ELM Executive Director Amalia Vagts begins her summer vacation today. Here are some contemplative thoughts she wrote on her way home from her recent trip to San Francisco. Amalia returns to the ELM office on Tuesday, July 16.
I’m sitting in the airport in San Francisco, waiting for my (delayed) flight to take off. The extra time has given me a chance to reflect on something I’ve been thinking about all day: kindness.
My work today took me from the Mission neighborhood of San Francisco to the winding hills of Berkeley and back via downtown San Francisco. I witnessed three simple kind acts: a stranger pulling over his car to alert my lunch companion that she had dropped some money on the ground; two young men catching the attention of cyclist on Market street because his BART card had fallen out of his pocket; and lastly, a woman stopping on the sidewalk as two confused looking tourists poured over a map to ask if they needed some directions. What causes us to go out of the way for others? I don’t know – I simply loved that I was witness to each of these acts.
I’ve more than witnessed some big acts of kindness in my job – I’ve been the beneficiary of them. Since I started my role with ELM in 2006, I’ve spent my share of time on the road. And thanks to some very wonderfully kind friends, we’ve been able to stretch the ELM travel budget further each year. Nearly every time I’ve visited San Francisco for ELM (and it’s been a good number of trips!), I’ve been the guest of my friend Scarlett. Scarlett is not Lutheran and her interest in ELM doesn’t go far beyond her support of me. But Scarlett is providing important support. Thanks to her, ELM has been able to send me to San Francisco numerous times for little more than the cost of my airfare. Scarlett usually welcomes me with a fine meal (this time around, her partner Vanessa baked an olive oil-rosemary-chocolate-spelt flour cake that may have changed my life!) and gladly lets me convert her living room to my space. She has truly given me a home away from home several times a year.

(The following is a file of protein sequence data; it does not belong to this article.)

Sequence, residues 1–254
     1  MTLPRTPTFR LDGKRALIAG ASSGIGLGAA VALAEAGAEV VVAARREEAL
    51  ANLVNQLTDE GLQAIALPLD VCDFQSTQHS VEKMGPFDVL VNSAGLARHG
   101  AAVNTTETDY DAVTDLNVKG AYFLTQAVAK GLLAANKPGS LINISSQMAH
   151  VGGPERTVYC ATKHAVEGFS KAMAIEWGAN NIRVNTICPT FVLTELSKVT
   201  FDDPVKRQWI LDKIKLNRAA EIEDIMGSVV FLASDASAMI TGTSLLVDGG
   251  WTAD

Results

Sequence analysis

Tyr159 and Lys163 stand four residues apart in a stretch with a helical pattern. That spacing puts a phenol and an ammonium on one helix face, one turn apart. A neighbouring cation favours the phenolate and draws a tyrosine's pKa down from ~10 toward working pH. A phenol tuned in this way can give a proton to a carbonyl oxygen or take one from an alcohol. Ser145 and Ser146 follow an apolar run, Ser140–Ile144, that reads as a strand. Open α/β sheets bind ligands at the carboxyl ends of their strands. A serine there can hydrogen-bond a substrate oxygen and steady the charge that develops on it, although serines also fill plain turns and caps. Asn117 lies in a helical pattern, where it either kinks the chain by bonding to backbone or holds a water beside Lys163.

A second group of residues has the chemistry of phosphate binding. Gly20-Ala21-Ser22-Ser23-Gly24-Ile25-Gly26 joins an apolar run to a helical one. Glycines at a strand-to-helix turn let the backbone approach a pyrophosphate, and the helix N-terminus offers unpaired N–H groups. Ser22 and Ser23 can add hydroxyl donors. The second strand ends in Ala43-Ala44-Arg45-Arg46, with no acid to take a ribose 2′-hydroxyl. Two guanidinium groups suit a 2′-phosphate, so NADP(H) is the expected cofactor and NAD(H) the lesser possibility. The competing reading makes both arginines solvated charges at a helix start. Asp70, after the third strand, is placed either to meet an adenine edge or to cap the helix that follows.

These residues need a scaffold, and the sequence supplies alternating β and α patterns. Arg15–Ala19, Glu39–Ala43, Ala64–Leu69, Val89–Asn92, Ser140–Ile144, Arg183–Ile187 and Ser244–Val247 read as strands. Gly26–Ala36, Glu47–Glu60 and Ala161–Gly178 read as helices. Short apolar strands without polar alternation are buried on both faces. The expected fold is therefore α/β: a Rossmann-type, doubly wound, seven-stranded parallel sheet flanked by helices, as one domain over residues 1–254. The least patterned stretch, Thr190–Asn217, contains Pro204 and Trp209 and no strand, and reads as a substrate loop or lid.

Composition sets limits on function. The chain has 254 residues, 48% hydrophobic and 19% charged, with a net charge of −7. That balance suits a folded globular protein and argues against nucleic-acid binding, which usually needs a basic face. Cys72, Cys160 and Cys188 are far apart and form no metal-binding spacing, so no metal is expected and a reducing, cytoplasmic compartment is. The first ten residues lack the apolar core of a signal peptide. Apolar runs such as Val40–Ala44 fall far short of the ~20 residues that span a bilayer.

I’ve got a second home in Chicago as well, thanks to the generous hearts of Clare Tallon & Daniel Ruen. Clare, Dan and I all lived together at Holden Village. One of the many ways they support the work of ELM is through the hospitality they show me on my many trips to Chicago. I usually arrive to a hand-made sign from their kids welcoming me back, and the whole family has taken to calling the guest room “Amalia’s room” (other guests of theirs, please don’t burst my bubble on this!).
Work on the road can be draining and some evenings you need nothing more than to sit with old friends on their couch in your “comfy clothes.”
The kindness extends beyond these hosts I’ve mentioned. This weekend alone, I’ve been the guest of a delectable meal at the home of Jim Kowalski and Bruce Jervis; and had several tabs picked up for coffee or lunch. My cousin and her husband enthusiastically answered my last minute inquiry about getting together. Instead of meeting me out for a drink they invited me to their home. We shared some local delectable food and a bottle of wine from their recent vacation to Germany.
This kindness not only supports ELM, it nourishes me so that I can continue in this work. In addition to kindness, I’ve been thinking a little about nourishment today too…this Friday I’ll begin a two week vacation. I’m ready to step back, dip my toes in a few Midwestern lakes, catch up on some reading and creative writing, and spend time with friends and family. ELM will keep humming along with the help of Rachael in the Chicago office and our wonderful board and supporters around the country. I wish you moments of kindness and happy summer days and will be back in touch July 16th!
The photo on the right was taken in San Francisco, featuring four Proclaim members: Dawn Roginski, Megan Rohrer, Beate Chun & Tita Valerierno. Also pictured: Chuck Lewis, Jo Chadwick and Rebecca Davis. Proclaim is the professional community for Lutheran pastors, rostered lay leaders and seminarians who publicly identify as LGBTQ. Proclaim is a program of Extraordinary Lutheran Ministries.
The court revoked part of the Defense of Marriage Act, or DOMA, putting legally married gay couples on equal federal footing with all other married Americans, allowing them to receive the same tax, health and pension benefits. The high court also cleared the way for same-sex marriages to resume in California.
The historic decisions came during the same week as setbacks in other movements for justice. As ELM Supporter Heidi Neumark put it on Facebook, “No one is free until everyone is free. Rejoice in this step and keep on…”
The celebrations will continue into the last weekend of Pride month.
Proclaim member Rev. Jay Wiesner’s letter to Alan Chambers leader of Exodus International, a Christian ‘reparative’ therapy group was featured on the Washington Post website. Jay is a co-founder of The Naming Project, a faith-based youth group serving youth of all sexual and gender identities. Jay is a member of Proclaim, the professional community for Lutheran pastors, rostered lay leaders and seminarians who publicly identify as LGBTQ. Proclaim is a program of Extraordinary Lutheran Ministries. There are currently 133 members of Proclaim.